“I have things to tell both of you,” she says slowly. “Ali, you need to hear what happened in Malra, with mama and papa. They were your parents too, and I came back without them, and you deserve to know why. And Zany... you need to be told the real story behind Dulmea and my powers. We kept it from you while your heart was still weak, and I’m guessing Ali didn’t tell you on the journey because I wasn’t there to help explain, but neither of those reasons apply now.”

Zany looks over at Keris, green eyes gleaming. “Oh? Family secrets?” she asks teasingly. “I love secrets!”

Keris smiles uneasily. “You might not like this one,” she says quietly.

Looking at Ali grants her no help, and Xasan just shrugs at her. She rolls her eyes.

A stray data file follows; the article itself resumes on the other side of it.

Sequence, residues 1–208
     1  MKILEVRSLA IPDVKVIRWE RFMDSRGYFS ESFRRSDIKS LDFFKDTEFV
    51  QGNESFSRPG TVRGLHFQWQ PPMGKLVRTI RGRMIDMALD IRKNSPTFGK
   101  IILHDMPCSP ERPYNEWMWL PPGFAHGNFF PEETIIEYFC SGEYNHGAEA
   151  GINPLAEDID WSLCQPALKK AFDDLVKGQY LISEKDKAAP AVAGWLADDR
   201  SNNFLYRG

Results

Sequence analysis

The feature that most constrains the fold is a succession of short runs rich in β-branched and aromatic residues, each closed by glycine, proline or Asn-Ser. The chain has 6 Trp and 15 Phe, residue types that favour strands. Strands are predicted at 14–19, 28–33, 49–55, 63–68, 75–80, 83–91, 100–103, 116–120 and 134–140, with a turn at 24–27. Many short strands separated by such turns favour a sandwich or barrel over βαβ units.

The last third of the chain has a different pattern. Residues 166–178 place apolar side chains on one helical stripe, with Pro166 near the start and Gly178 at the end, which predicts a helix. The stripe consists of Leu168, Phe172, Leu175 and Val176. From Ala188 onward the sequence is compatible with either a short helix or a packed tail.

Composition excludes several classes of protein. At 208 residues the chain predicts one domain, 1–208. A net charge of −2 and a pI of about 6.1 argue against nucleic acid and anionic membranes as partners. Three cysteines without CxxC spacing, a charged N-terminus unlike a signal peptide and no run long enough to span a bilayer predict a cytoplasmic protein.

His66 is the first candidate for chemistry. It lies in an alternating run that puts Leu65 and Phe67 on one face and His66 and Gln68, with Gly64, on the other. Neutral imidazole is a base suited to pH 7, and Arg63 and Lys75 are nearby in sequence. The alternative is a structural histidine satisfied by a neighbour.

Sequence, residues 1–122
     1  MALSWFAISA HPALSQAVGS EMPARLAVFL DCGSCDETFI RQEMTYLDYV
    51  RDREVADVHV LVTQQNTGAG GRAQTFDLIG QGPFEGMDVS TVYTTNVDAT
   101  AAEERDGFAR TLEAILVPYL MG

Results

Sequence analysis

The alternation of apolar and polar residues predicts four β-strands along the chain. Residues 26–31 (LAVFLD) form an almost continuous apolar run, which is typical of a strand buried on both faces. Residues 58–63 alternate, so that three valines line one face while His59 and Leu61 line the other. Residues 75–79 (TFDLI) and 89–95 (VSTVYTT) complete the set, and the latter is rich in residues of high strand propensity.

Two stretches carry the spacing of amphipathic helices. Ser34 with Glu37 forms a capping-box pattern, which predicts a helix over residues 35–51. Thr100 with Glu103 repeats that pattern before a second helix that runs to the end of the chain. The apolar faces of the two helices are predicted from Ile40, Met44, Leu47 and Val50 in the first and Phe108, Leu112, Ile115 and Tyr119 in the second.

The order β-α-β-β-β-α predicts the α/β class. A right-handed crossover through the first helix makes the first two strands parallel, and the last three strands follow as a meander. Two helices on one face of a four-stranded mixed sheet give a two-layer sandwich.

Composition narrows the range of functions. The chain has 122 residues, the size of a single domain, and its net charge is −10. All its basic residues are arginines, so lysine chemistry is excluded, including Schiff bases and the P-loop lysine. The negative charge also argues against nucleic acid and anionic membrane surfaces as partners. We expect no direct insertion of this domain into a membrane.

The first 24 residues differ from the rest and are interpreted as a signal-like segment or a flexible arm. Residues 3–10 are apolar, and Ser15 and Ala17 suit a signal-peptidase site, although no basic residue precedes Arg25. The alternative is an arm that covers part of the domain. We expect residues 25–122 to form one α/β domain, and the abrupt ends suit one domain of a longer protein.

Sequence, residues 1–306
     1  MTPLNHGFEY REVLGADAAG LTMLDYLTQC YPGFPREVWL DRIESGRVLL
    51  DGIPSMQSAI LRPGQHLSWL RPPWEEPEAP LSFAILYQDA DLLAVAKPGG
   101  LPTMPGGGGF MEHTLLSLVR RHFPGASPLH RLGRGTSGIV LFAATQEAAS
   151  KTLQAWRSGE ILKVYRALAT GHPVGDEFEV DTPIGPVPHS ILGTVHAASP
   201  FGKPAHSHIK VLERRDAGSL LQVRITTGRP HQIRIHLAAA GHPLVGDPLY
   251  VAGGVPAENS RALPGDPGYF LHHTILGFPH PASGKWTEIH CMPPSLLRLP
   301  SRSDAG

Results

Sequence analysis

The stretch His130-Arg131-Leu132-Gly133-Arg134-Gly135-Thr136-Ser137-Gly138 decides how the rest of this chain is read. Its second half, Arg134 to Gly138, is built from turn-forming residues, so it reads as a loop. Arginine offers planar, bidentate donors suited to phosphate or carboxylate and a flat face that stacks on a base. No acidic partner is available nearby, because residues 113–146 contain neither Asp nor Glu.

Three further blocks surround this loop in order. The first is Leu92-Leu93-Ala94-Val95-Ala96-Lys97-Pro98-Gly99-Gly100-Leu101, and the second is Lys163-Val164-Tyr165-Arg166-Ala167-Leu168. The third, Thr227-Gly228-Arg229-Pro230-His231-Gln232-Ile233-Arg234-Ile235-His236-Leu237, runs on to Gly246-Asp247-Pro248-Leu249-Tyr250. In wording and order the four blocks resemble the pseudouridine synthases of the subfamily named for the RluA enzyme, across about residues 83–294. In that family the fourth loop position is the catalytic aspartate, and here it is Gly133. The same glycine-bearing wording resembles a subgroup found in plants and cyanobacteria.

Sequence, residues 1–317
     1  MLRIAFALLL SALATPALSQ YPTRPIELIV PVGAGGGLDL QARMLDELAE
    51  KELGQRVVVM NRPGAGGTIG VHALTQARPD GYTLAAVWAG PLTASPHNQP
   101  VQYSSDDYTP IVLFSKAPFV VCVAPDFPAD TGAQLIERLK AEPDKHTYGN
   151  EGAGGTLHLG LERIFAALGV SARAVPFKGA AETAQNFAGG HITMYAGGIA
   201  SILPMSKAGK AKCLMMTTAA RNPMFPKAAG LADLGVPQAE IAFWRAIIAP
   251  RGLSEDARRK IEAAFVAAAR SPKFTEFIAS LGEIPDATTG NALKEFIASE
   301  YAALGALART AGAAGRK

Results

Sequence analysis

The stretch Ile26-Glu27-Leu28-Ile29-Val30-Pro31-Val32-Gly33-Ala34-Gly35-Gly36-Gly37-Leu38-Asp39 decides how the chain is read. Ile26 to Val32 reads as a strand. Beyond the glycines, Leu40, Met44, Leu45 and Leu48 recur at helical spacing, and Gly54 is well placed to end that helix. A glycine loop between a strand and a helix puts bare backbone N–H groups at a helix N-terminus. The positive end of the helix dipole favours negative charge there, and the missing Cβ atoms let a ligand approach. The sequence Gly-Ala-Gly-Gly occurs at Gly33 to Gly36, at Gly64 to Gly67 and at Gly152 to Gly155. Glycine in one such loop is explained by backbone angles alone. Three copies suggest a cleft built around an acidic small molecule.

“This might be easier if I could bring out a Dulmea Chord to help explain... um... okay, you remember what I told you about when I got my powers? I was in the cell in Nexus, and Dulmea came, and she offered me her help and the powers she carried. And I took her into myself through my godsmark, and she was the seed of my powers, and as they grew I budded other souls for the new powers that bloomed from me.”

Zany nods, though given it’s been eight months Keris kind of doubts she remembered it clearly.

“What I said wasn’t a lie. All of that did happen. I just left out one detail, which is exactly what kind of spirit Dulmea was. Ali and Xasan already know, and they’re satisfied that I’m me...”

Keris tugs a lock of hair, stops beating around the bush, womans up and cuts to the point.

“... she was a demon, Zany. An angyalka. A harpist of time. That’s, ah... that’s where my powers come from. Sort of. Mostly.”

Zany doesn’t say anything. She just listens, eyes painfully bright.

One hand on her chest.